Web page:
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Ventricular arrhythmias and sudden death in patients taking ibrutinib

Benjamin L. Lampson, Lijian Yu, Robert J. Glynn, Jacqueline C. Barrientos, Eric D. Jacobsen, Versha Banerji, Jeffrey A. Jones, Renata Walewska, Kerry J. Savage, Gregory F. Michaud, Javid J. Moslehi and Jennifer R. Brown

To the editor:

Ibrutinib, approved by the US Food and Drug Administration (FDA), is an inhibitor of Bruton tyrosine kinase (BTK).1-5 Ibrutinib use is associated with atrial fibrillation (AF), with an incidence of 5% to 6% after 18 months on therapy4-6 and up to 16% with longer follow-up.2,7 Prompted by an episode of unexplained ventricular tachycardia (VT) in a patient taking ibrutinib, we hypothesized that ibrutinib use may be associated with ventricular arrhythmias (VAs). To further investigate, we gathered 4 cases of VAs in ibrutinib-treated patients, mined the FDA Adverse Event Reporting System (FAERS) for additional reports of VAs in patients receiving ibrutinib, and estimated incidence rates of VAs in clinical trials of ibrutinib.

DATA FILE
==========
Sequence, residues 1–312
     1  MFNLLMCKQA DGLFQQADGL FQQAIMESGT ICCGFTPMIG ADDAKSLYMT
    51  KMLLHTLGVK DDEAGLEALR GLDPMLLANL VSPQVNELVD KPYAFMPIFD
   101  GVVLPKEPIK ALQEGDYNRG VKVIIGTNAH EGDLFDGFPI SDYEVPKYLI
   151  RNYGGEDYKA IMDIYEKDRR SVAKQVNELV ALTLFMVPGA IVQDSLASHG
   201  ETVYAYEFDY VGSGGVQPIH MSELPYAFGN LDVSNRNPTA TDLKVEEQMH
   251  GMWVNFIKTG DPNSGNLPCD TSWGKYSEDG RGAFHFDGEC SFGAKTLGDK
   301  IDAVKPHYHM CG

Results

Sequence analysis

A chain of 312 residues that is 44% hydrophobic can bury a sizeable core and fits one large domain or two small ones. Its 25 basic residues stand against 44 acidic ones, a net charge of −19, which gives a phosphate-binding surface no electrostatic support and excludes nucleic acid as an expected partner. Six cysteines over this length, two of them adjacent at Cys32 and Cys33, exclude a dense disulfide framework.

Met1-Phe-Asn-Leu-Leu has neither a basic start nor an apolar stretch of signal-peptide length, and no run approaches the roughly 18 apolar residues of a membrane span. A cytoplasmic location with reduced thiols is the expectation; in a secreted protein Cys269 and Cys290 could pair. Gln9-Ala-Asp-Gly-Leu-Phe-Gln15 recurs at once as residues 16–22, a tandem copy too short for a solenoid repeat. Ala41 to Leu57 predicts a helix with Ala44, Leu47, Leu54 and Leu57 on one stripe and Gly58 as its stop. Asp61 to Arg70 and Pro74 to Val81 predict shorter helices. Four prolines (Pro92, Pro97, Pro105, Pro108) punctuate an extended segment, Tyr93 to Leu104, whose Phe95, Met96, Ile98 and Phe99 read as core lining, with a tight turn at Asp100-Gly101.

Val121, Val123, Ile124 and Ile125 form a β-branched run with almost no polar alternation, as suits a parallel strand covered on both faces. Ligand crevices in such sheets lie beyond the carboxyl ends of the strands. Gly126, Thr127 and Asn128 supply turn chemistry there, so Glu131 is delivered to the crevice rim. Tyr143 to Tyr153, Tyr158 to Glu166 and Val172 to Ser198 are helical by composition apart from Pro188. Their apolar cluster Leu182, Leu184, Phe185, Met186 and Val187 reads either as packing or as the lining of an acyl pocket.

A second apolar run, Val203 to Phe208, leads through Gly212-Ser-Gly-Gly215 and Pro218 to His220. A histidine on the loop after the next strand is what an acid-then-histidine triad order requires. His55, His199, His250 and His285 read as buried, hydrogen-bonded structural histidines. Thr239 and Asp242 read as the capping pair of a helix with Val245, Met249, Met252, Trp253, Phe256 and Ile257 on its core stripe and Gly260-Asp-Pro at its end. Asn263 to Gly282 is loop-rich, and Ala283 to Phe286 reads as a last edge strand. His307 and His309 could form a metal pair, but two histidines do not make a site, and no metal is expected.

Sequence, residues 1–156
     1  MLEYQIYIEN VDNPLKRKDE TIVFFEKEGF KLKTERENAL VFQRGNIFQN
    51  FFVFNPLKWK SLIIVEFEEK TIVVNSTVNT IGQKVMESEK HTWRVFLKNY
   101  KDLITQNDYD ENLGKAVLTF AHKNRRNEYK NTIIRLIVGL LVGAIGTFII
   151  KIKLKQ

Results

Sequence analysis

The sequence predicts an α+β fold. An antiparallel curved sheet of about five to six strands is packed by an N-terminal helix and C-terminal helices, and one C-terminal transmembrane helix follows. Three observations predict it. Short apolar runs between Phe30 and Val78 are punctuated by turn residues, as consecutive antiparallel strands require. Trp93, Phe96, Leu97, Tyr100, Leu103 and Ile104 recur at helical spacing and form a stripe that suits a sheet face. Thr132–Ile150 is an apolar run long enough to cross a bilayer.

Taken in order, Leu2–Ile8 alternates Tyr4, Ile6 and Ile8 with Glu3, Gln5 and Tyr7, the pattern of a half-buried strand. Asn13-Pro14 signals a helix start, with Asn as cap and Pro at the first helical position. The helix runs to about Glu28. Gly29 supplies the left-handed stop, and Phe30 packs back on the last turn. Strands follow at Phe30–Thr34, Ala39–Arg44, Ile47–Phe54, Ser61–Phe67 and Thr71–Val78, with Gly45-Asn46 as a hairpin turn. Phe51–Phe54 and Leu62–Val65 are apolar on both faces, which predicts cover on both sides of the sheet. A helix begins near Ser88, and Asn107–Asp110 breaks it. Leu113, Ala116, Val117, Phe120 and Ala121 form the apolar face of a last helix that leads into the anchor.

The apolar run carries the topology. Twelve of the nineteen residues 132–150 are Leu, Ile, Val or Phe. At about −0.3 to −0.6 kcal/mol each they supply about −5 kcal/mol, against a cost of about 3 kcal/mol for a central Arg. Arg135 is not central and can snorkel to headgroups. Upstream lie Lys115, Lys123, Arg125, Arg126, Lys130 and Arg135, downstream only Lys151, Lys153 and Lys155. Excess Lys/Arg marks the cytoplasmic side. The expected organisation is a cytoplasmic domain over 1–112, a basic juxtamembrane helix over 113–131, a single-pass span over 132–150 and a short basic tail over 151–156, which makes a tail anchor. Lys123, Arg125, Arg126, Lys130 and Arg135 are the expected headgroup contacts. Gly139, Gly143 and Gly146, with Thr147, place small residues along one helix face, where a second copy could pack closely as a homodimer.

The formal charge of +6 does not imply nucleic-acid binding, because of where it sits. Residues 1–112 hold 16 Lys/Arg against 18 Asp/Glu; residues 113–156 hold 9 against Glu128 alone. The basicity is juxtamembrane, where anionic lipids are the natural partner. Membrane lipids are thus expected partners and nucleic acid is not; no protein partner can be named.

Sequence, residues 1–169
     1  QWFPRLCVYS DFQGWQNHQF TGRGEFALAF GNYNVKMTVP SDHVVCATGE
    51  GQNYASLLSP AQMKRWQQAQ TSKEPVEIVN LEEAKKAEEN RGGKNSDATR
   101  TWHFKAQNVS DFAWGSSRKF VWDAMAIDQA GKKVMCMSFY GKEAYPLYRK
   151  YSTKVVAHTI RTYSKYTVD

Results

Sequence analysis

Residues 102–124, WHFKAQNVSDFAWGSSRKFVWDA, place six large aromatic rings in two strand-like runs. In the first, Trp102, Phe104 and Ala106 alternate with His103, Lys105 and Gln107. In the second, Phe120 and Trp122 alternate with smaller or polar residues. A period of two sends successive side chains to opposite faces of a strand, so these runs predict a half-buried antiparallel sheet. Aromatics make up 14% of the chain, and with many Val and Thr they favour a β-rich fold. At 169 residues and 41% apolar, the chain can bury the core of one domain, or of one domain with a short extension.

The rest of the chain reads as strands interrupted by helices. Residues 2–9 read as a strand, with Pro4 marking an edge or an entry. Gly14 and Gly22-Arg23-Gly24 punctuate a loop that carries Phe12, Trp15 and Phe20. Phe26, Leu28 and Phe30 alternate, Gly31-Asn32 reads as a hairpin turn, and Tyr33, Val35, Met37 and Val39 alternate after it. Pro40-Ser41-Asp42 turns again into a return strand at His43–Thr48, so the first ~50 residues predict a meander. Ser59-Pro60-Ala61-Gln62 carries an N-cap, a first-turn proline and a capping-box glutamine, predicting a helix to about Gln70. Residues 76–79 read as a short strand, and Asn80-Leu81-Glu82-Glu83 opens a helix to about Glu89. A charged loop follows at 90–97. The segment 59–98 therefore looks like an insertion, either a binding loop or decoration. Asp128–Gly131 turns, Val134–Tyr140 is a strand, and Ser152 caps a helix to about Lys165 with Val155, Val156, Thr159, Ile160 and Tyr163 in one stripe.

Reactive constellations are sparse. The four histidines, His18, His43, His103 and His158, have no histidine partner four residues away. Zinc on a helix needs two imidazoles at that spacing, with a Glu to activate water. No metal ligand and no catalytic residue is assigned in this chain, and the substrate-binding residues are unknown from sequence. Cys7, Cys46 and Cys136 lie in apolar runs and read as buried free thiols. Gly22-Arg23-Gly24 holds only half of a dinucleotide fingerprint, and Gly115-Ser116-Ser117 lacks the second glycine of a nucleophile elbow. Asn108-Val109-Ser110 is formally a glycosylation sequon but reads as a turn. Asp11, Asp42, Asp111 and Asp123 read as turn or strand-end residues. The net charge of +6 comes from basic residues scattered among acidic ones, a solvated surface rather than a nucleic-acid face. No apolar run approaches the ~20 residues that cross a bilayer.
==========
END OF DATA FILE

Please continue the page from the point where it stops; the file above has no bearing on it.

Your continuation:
Individual patients were enrolled on data collection protocols approved by institutional review boards or collected from publicly available data. We obtained adverse events (AEs) for ibrutinib reported to the FAERS from the fourth quarter of 2013 (ibrutinib was approved by the FDA in November 2013) to the fourth quarter of 2015. Additional details were requested for AE reports with the following preferred search terms: ventricular arrhythmia, ventricular fibrillation (VF), Brugada syndrome, right bundle branch block, cardiac arrest, cardiac death, cardiac fibrillation, cardiorespiratory arrest, conduction disorder, sudden death, sudden cardiac death, ventricular extrasystoles, and ventricular tachycardia. If dates of ibrutinib discontinuation, cardiac events, or death were redacted, we used the date when the patient was last seen alive or when the event was filed. Patients for whom there was not enough information to determine the timing of ibrutinib administration or for whom ibrutinib was discontinued before the event were excluded. Clinical trial data were drawn from published results. Median time on therapy was assumed to be mean time on therapy to calculate total time on therapy for the group of interest. Statistical analysis was performed by using STATA 14 (STATA, College Station, TX).